Sometimes filing for a divorce isn’t just because the marriage has broken down but because one of the partners may be abusive toward the other. While an order of protection can be filed to try to keep the abusive partner away from the other, they are often violated. Fortunately, there are laws to help people divorce when they are in abusive relationships.
Grounds for Fault Divorces
While Massachusetts is a “no fault” divorce state, meaning that a spouse can file for divorce without listing a specific reason for it, a spouse can also name a “fault” when he or she files for divorce. As divorce lawyers in Taunton will advise you, these are the grounds for a fault divorce:
- One spouse deserting another
- Confirmed alcohol abuse
- Cruel and abusive behaviors
- Not supporting family
- Spouse imprisoned five or more years
A fault divorce is more complicated and some of them can take longer to settle, which is why you should hire divorce lawyers for help. Click here for more details.
In many cases, a fault divorce will be contested by the other spouse. If he or she agrees to the divorce, which would be easier for everyone involved, divorce lawyers can help negotiate things such as child custody, visitation, the division of assets, alimony, and child support. However, if the divorce is contested, it will end up in court and it will usually take time to settle.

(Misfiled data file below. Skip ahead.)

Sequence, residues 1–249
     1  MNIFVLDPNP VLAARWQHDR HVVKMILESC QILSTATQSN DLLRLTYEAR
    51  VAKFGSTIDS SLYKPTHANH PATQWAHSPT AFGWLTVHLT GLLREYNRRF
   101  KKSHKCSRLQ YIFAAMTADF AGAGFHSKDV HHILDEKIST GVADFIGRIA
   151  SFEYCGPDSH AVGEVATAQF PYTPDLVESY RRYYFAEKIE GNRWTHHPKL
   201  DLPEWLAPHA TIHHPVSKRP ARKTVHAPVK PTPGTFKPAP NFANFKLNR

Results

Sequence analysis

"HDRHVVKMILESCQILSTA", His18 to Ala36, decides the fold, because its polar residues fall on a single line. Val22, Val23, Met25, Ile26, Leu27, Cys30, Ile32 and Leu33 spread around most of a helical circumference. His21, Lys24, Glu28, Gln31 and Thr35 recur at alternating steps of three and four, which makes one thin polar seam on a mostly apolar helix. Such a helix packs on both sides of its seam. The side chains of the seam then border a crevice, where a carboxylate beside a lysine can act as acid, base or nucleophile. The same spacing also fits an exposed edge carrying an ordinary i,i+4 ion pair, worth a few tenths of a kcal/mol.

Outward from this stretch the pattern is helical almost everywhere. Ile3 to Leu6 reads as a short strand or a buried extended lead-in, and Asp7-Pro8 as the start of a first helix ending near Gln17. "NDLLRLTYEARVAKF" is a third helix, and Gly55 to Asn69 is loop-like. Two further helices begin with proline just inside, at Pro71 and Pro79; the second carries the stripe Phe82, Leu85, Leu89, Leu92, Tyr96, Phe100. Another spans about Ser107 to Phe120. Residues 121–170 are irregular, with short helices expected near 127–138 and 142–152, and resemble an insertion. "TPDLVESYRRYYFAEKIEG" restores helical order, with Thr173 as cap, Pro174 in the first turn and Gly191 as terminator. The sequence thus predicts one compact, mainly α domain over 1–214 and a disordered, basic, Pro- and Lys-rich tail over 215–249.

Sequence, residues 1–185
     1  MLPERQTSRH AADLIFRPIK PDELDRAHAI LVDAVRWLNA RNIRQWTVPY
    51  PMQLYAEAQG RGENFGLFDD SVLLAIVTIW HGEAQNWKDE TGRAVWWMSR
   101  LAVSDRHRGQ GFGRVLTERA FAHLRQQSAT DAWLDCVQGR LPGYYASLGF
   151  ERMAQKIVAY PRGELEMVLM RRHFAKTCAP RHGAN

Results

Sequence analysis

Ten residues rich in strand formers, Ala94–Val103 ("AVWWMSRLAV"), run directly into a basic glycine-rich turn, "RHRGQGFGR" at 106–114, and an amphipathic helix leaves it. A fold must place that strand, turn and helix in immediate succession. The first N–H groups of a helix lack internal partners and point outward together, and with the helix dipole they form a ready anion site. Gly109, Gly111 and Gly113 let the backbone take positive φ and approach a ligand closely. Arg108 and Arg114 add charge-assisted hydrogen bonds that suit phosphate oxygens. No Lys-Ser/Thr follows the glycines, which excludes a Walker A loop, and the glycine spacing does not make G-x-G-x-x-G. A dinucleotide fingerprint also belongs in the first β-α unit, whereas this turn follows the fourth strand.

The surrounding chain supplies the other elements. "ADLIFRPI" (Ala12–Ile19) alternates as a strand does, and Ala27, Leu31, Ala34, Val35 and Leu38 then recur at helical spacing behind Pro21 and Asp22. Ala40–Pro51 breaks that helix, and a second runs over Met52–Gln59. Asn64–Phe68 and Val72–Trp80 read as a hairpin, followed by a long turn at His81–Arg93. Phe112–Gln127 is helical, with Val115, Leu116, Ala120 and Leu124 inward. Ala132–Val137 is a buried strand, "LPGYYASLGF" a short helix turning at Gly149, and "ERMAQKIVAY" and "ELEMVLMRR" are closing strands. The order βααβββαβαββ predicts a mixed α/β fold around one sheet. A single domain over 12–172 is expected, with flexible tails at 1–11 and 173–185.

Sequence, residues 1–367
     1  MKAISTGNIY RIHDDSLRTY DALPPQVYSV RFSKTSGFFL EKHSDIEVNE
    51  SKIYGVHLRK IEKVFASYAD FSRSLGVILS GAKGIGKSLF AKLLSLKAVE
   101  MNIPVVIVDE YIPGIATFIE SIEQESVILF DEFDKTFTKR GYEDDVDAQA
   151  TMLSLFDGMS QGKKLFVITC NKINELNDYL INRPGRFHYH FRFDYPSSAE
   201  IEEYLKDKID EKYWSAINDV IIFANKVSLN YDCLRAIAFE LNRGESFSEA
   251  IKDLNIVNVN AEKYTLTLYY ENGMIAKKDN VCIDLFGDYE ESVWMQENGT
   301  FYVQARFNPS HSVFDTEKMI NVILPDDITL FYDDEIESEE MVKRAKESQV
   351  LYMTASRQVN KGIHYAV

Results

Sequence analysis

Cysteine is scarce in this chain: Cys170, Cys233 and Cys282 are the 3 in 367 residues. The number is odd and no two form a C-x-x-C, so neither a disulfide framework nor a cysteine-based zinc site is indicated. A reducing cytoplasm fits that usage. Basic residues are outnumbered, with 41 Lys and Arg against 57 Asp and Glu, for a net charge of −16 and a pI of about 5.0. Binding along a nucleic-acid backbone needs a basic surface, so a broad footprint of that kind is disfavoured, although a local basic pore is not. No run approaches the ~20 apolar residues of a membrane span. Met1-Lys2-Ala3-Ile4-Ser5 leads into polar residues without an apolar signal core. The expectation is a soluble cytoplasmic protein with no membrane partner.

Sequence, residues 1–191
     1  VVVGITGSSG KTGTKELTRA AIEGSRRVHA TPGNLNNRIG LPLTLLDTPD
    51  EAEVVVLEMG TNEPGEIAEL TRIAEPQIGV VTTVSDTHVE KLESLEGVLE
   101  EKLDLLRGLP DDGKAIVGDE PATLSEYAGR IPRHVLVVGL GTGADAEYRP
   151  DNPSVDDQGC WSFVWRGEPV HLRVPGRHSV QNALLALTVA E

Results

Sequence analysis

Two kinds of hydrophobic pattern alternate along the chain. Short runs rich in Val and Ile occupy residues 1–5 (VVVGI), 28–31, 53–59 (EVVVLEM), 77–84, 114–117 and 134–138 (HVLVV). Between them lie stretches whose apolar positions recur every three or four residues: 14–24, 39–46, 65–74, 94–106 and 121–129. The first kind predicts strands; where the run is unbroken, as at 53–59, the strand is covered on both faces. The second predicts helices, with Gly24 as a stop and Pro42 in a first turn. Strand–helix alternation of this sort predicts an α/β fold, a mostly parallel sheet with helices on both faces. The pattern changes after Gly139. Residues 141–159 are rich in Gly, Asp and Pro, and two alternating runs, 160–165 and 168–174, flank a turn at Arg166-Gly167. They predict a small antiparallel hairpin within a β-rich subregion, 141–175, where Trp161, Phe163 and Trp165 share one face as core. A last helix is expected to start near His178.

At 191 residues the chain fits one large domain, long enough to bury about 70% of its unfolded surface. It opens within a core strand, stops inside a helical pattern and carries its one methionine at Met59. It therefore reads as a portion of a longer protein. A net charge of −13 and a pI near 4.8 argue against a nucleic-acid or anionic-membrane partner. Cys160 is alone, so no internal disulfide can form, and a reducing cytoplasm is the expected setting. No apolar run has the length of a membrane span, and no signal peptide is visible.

A spouse can file for “separation support” if he or she wants to divide the assets or settle issues with their children when separating from his or her spouse. However, if there are no children, a separation doesn’t require going to court as spouses can live separately from each other in different households. A family law attorney at The Law Office of Bruce S. Raphel, PC can help determine if a divorce or separation is best for your situation.